scabs and bugbites

The weather is more turbulent now, which is energizing and not like the winter consistency of heavy gray clouds and a continuing curtain of rain. Instead there are episodes of brilliant sun where I shed the jacket, followed by hail. Wind gusts and fog and frost play a random leapfrog across the neighborhoods.

Spring is here and we had a few days to clear winter debris though the rains began again. The hydrangeas and shrubs are trimmed and most of the weeds were plucked from loamy and muddy soil. I’m so done with massive yard care.

I’ve got this itchy lump on my neck and thorn scabs on my scalp. When I lurch forward into weeding rituals I tend to go full force because I am so NOT into it. Get the job done. Now I look out the windows and see stuff budding and blooming instead of chores waiting for my attention.

Spring season includes pollen allergies, itchy bumps on various places of my body, and cramps where I didn’t realize I had under-worked muscles. And we’re still making fires in the woodstove to take the chill out of the rooms.

But I’m halfway through the rewrites on my novel and continue to be amazed at some scenes, delighted with some dialogue, and totally appalled at how I diluted conflicts, missed the story points, and backed into the drama because I didn’t see the power of hitting it straight on.

I know that where we place our intention is what we create and I created a solid story and a cast of characters with potential. Just like the gardens I created around my home to establish themselves years ago and now just need a little attention and water.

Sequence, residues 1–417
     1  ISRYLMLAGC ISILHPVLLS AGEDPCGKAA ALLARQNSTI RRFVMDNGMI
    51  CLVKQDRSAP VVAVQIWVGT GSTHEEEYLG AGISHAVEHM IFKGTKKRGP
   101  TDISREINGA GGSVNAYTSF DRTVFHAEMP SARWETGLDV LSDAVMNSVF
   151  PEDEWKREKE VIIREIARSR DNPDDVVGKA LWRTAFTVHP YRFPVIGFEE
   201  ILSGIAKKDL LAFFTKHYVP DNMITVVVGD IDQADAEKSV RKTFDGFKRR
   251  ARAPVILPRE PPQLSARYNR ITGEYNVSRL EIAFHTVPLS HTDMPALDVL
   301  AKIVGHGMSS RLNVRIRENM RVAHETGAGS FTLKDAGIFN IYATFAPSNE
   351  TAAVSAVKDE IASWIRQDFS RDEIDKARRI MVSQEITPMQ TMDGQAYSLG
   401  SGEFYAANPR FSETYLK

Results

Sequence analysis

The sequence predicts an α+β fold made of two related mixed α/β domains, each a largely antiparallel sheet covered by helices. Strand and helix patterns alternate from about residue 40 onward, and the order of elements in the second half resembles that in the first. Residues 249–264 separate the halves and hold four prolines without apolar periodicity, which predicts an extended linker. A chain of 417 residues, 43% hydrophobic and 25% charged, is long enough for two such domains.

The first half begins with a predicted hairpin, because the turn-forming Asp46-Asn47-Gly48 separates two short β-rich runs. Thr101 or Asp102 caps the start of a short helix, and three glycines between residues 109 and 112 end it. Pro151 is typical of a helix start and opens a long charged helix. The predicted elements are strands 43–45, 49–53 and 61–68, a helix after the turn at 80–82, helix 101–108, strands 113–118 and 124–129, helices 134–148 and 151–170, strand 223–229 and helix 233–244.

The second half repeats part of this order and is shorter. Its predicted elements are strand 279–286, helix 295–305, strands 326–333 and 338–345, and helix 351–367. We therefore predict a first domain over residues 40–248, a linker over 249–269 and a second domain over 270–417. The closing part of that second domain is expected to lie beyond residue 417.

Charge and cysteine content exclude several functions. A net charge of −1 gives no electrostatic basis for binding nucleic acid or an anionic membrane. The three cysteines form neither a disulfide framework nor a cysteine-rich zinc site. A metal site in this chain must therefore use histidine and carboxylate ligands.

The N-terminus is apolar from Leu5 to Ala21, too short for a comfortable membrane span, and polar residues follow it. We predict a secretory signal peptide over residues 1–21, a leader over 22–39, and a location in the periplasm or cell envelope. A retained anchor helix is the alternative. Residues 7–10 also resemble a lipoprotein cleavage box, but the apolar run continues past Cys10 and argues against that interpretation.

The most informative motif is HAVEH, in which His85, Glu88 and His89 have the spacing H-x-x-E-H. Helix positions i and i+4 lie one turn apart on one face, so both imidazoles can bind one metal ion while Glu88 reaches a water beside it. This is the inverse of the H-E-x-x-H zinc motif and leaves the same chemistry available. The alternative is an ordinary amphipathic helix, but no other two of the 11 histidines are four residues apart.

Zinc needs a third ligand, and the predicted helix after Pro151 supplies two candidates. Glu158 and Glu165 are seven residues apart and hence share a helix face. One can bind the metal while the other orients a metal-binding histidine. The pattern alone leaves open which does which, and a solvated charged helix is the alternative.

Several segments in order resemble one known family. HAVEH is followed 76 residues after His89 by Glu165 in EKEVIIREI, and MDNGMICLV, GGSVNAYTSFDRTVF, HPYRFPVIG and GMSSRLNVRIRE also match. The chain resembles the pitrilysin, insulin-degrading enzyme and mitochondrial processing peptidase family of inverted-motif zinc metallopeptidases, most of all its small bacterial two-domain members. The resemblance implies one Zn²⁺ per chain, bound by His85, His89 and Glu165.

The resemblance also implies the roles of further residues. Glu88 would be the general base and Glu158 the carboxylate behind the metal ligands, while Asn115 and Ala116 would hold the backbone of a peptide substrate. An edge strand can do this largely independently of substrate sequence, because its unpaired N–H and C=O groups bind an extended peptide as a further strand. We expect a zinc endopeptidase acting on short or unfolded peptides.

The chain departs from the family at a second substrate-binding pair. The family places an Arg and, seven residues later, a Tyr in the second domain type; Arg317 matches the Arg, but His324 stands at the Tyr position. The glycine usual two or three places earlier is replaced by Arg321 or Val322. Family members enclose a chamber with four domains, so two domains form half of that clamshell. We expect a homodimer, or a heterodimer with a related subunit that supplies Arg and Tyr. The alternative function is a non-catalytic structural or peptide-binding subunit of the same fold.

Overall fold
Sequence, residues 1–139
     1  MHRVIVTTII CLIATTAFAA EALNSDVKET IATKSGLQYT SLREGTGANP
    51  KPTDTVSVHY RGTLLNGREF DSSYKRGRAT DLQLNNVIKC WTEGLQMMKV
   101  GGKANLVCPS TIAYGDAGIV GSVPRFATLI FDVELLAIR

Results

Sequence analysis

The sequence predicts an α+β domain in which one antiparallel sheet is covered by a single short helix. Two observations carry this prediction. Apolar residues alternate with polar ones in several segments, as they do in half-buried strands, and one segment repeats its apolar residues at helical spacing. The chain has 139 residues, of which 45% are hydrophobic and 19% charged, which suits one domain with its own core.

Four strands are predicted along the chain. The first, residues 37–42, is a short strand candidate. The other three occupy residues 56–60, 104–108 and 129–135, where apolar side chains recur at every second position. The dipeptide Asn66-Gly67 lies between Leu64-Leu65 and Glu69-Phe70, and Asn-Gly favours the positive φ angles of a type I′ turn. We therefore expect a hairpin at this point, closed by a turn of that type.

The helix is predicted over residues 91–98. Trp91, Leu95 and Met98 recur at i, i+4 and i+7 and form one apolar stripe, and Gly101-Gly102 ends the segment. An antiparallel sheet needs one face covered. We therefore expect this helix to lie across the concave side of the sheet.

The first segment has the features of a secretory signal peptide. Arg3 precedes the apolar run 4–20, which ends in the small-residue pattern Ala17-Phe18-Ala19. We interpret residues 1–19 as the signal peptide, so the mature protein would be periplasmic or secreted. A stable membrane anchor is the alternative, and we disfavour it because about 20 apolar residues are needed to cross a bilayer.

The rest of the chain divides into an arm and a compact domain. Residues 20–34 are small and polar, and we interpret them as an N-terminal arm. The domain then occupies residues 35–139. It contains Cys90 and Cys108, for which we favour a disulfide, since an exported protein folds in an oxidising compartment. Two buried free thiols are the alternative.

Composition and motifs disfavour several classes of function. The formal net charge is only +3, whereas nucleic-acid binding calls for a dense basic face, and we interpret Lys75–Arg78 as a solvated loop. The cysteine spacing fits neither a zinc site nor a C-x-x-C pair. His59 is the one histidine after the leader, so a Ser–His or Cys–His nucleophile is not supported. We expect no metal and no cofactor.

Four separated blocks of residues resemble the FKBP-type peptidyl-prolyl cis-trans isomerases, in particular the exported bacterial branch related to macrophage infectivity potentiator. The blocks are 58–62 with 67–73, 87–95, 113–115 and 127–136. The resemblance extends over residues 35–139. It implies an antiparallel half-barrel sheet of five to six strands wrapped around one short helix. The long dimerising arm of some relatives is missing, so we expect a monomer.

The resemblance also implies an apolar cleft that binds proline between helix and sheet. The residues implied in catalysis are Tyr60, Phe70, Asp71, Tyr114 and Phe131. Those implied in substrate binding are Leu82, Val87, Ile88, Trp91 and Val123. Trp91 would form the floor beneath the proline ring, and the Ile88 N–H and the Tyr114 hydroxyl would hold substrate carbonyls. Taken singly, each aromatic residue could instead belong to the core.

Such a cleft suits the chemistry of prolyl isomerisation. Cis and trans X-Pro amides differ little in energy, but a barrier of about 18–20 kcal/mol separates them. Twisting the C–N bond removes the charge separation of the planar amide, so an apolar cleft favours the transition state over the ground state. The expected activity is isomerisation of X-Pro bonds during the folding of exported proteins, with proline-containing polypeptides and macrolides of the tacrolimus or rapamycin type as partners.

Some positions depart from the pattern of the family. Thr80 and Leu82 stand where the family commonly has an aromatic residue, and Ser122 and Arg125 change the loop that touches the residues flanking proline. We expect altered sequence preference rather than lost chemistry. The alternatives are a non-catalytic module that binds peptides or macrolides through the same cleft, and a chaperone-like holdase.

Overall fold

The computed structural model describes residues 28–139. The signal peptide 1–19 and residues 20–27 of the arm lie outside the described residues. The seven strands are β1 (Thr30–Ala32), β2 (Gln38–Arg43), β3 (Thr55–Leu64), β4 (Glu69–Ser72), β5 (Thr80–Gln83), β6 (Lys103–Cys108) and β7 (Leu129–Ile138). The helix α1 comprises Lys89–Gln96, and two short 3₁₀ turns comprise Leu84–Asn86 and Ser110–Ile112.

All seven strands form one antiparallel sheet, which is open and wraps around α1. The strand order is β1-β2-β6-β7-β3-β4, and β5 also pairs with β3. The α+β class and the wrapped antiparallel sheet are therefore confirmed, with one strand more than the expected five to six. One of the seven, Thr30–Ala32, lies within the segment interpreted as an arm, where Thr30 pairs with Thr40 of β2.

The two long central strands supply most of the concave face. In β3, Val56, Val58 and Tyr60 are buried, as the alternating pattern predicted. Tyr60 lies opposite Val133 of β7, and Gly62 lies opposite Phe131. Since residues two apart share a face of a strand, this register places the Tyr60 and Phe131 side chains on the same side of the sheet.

The similarity is charming because what I’m creating now in my novel is a better presentation of a story. I’m just pruning debris and letting the buds blossom. In both cases I’m the one in power.

I can snip delicately and avoid the thorns or plow forth and realize the thorn makes a more interesting story. Seriously, there’s one scab right at my hairline and another on the back of my head. Then that bug bite, it was oval and angry behind my ear and now is an itchy pebble I can’t see but will feel often.

I have to consider my power over Mother Nature is limited, she will quake and crack some of the best engineering.  She’ll also drop a spider on my shoulder and give thorny vines a resilient root.

The beauty of each spring is the presentation of a new season and the appreciation that I store after-bite medicine in the drawer.

About Terri Patrick
Writer of Romance and Memoir. Life is an adventure, take that journey.

3 Responses to scabs and bugbites

  1. I don’t think we can ever have a power over Mother Nature, we can only work alongside her. As for scabs and bugbites – a price worth paying for the pleasure from a garden (or yard). I love Spring, we’ve had sunshine and warmth here in Cornwall, England and the robins are back in my garden. Perefect. Take care of those injuries!

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  2. Love the analogy. It certainly fits rewrites. This Merc retro has served me well in that regard and it sounds as if it’s doing the same for you! Keep the faith!It feels like you’re right on track.

    Trish

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  3. Lisa Nowak says:

    I envy you that you’ve accomplished so much in your yard. I’ve hardly done a thing in mine, but then when it’s dry I’m working in somebody else’s. It’s good that you can see what isn’t working and how you could fix it as you do your revisions. That’s the most important part of the process.

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